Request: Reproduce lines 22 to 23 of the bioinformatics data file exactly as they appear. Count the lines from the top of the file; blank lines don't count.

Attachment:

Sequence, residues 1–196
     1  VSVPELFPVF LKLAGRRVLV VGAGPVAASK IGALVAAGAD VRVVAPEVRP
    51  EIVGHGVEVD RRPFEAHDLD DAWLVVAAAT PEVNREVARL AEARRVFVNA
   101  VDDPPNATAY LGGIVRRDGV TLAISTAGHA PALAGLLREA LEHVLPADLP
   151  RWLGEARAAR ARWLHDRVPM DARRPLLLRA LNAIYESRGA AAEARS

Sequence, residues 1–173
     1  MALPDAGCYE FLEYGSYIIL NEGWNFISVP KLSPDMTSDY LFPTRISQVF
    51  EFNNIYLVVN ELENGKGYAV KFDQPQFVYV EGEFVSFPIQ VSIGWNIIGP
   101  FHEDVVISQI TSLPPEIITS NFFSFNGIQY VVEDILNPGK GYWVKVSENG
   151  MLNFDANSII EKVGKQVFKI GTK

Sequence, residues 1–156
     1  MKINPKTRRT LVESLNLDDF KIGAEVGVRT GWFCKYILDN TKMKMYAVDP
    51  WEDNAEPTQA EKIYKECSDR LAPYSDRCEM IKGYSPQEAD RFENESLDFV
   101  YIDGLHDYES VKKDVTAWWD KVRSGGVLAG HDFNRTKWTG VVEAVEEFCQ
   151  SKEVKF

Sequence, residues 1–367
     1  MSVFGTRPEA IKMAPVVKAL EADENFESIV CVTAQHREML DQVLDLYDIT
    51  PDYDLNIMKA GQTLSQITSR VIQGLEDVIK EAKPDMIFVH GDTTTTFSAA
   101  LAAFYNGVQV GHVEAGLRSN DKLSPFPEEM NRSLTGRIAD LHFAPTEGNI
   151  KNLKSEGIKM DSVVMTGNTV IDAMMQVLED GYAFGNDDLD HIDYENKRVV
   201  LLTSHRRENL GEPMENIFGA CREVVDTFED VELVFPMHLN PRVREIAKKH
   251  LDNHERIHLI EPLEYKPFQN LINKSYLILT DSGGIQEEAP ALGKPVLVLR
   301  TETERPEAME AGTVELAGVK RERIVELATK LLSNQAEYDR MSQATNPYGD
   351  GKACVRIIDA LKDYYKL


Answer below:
   251  LDNHERIHLI EPLEYKPFQN LINKSYLILT DSGGIQEEAP ALGKPVLVLR
   301  TETERPEAME AGTVELAGVK RERIVELATK LLSNQAEYDR MSQATNPYGD